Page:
By Nazia Memon
December has arrived, gripped with bitter cold, days are grey and still..! invisible behind the curtain of fog, what I can see outside the window is the silhouette of greyed buildings and trees. Grey-winged blackbird refuses to sit on a naked tree and sing because all flowers have died and empty branches of the trees can’t inspire you rather makes you mourn.
All three years have passed away but we are still mourning as if we don’t want to or can’t move on, grief is still taking its toll on our souls, gripping our feelings leaving us with full of fear and sadness.
It was a cold frozen morning in London and the sun hung in the icy fog..didn’t shine that day. I still remember it was Tuesday “an unfortunate day” the 16th of December 2014 when over a hundred children perished in one of the bloodiest insurgent attacks in my homeland, Pakistan.
Taliban took their war on education and killed 145 people, 144 of them were uniformed school children martyred in the deadliest attack on the Army Public School, located on Warsak Road near Army Housing Colony and a medical school in Peshawar.
Responsibility for the attack was quickly claimed by Tehreek-e-Taliban Pakistan, whose strongholds in North Waziristan, close to the Afghan border, have been under sustained assault by the Pakistani army since June. In that time at least 1,200 suspected militants are said to have been killed. The spokesman for the group, Muhammad Umar Khorasani, said: “We selected the army school for the attack because the government is targeting our families and females. We want them to feel the pain.”
It shocked the whole nation. No words can express the ignominy of such an attack against children in their school, even the use of strongest words of condemnation are futile before this heinous act of coward terrorists.
After three years when I’m writing this blog nothing seems to have changed back home, the parents who have lost their children are waiting for justice to be delivered, demanding for the judicial inquiry of the APS attack, so they can sleep peacefully, mothers are singing lullaby, even their arms are empty their eyes are filled with tears not with dreams, they are all going through the tragedy which is heavier than the mountain.
Khaula’s mother still looking at the door with hope that may be one day Khaula would open the door and run towards her to get a warm hug, although deep down in her heart she knows it will never happen.
it was six-year-old Khaula’s first day of school. She was overjoyed that she had finally joined her siblings instead of staying home, never knew it’s her last day.
Another young child Ziaullah wanted to become an electrical engineer when he grew up. He never missed the opportunity to try and repair electrical appliances at home.
Ziaullah’s teacher recalls that the boy loved maths, and always talked about wanting to invent interesting machines such as an electric car. He was very close to his mother and called her his best friend. Did he ever thought on 16th December he is leaving home for school but would never get back to see his best friend (mother) again. Ziaullah’s mother have nothing but to recall best memories of Zia for rest of her life.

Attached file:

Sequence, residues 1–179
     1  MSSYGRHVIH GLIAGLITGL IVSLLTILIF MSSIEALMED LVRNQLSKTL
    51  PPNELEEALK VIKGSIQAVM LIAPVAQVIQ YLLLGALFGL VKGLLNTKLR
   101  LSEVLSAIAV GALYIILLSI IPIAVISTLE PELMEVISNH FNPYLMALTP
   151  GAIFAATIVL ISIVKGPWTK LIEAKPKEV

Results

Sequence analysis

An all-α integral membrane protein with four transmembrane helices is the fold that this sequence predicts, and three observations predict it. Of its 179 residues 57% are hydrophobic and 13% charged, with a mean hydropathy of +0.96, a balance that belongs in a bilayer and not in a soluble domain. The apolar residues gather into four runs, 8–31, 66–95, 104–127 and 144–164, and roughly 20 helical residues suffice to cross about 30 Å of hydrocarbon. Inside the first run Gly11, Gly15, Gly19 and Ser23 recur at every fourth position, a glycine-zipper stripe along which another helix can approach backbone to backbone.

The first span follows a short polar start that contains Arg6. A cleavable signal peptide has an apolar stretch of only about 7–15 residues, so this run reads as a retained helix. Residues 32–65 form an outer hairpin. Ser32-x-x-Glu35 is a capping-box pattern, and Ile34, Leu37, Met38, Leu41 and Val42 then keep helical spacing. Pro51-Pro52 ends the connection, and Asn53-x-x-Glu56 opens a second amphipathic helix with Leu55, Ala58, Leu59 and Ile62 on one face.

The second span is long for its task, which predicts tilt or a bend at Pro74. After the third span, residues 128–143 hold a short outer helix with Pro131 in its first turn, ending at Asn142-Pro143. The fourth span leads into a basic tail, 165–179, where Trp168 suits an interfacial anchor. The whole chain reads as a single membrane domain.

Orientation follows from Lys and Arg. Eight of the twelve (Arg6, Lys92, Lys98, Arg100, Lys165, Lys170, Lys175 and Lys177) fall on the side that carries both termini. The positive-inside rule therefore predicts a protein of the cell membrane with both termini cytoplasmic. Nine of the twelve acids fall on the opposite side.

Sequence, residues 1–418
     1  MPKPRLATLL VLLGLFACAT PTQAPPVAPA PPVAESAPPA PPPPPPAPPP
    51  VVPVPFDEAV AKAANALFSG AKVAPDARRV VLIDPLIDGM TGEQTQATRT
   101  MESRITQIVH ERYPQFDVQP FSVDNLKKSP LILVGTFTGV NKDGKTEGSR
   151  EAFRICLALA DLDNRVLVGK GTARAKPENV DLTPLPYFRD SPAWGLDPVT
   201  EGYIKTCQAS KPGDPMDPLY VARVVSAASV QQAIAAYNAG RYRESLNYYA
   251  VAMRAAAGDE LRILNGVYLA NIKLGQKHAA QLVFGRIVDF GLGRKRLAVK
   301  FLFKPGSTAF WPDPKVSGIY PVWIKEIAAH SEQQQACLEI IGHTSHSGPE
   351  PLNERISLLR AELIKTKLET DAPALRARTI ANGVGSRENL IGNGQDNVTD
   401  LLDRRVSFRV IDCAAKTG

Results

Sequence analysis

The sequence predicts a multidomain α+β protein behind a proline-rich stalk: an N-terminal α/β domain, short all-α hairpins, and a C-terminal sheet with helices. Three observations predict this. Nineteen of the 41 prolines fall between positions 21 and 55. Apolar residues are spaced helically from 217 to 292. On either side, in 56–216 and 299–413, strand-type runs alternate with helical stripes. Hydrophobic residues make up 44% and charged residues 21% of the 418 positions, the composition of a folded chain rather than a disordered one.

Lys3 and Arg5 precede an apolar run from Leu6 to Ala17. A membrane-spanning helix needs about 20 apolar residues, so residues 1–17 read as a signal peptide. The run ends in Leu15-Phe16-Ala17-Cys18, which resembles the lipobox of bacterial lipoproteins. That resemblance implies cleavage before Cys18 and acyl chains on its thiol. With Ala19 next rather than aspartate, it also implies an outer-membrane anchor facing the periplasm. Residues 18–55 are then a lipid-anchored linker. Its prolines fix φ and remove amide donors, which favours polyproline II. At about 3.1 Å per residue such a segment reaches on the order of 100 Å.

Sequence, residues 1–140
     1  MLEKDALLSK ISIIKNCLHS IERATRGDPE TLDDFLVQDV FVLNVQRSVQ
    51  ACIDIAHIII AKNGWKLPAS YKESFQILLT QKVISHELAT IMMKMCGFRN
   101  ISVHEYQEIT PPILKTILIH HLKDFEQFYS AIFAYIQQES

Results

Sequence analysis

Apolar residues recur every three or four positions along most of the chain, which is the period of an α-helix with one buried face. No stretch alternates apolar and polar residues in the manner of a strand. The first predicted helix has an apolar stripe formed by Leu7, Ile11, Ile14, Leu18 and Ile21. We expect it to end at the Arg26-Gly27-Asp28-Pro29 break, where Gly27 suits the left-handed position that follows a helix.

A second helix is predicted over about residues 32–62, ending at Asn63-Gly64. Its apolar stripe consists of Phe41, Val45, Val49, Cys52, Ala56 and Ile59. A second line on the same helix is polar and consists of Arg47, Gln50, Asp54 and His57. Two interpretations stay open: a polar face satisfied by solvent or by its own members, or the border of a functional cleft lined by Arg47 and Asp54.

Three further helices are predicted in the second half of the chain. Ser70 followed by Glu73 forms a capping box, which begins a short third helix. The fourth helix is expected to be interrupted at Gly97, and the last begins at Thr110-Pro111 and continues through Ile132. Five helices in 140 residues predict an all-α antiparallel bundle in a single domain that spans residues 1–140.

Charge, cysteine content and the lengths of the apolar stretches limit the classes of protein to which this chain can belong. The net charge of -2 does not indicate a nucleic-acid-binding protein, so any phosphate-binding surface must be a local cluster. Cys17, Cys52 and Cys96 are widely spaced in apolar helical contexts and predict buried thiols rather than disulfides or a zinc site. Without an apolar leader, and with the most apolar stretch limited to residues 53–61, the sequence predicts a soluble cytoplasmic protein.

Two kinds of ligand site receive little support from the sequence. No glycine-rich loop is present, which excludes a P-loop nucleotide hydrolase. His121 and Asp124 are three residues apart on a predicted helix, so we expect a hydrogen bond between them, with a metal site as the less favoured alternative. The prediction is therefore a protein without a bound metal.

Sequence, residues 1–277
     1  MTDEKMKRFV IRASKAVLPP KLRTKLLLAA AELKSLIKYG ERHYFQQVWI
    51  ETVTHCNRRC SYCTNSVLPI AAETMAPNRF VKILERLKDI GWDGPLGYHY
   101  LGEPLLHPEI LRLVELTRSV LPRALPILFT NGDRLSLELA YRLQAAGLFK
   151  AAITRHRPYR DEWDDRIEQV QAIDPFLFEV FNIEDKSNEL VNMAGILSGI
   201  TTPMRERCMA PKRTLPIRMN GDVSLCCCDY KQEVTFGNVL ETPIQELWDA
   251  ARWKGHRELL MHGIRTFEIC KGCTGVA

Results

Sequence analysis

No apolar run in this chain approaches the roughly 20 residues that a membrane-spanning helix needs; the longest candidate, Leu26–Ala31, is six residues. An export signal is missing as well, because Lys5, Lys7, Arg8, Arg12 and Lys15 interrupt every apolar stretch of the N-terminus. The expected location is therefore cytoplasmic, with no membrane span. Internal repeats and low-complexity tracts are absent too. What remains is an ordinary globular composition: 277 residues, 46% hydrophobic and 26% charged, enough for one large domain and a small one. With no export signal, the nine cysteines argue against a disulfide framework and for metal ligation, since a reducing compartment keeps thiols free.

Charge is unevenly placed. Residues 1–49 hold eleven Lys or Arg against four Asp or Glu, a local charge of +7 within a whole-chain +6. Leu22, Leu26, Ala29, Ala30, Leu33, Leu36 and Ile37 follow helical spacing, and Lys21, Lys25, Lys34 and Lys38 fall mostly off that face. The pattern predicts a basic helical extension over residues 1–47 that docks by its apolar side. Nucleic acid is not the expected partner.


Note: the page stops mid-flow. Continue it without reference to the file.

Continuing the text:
Young Shahzeb was among those 144 children lost their lives in Peshawar massacre. Shahzad was a bright student, a good reader, has won several medals in academics and extra-curricular activities. Remembered by his father as a brave boy, Shahzeb chose the lives of his friends over his own. His classmate Samiullah says Shahzeb saved him and their other friends during the massacre.
How could it be possible for the parents to forget that their son Shahzad had dreamed of becoming an airforce pilot. Rashid Minhas Shaheed was his role model. Shahzad would collect pictures of the airforce, and loved reading books about fighter jets and air combat. Recalling the memory Shahzad’s father told the media on that day that Shahzad had woken up early, eager to put on his new clothes. The clothes were for his upcoming interview for AFP College. Shahzad had passed the college test with 90 per cent marks. The result arrived seven days after his passing away how unfortunate it is.
Is it even possible to imagine how difficult life has become for those parents living with dead dreams?
These are only few stories. There are 145 stories to tell and you need a brave heart to listen and write to them.
Every parents have a question “why our children have been chosen to die?”
Unfortunately, what remained an outstanding problem for Pakistan is indeed the government’s inability to guarantee acceptable levels of civilian security.
Over the years Pakistan has let the extremist ideology to flourish, tussle between civil and military leadership has given them more space.
Despite a major military operation Zarb-e-Azb against them since 2014, and Rad-ul-Fassad operation, the Taliban continue to mount frequent suicide bombings and other attacks across the country.
It’s because some extremist groups continued to be tolerated by the state, Yet over the past years the state has been insisting that all major acts of terrorism have been perpetrated by neighbouring countries rather than domestic.
Pakistan had to swallow a bitter pill and except the unpleasant truth, tackle the terrorism with joint, better and broader strategy to deal with it.
After APS attack on 16 December 2014, there emerged a 20 point National Action Plan, a list of pointers of what needed to be done, endorsed by both the civil-military leadership and all political parties.
But so far it didn’t turned out to be a comprehensive winning strategy.
Policy makers should rethink and re-analyse the counter-terrorism policy framework that exists in Pakistan.
This nation can’t bear the burden of terrorism anymore, extremists should be killed, not our children and innocent people. Haunting memories of APS carnage are killing us.
We shall never forget it.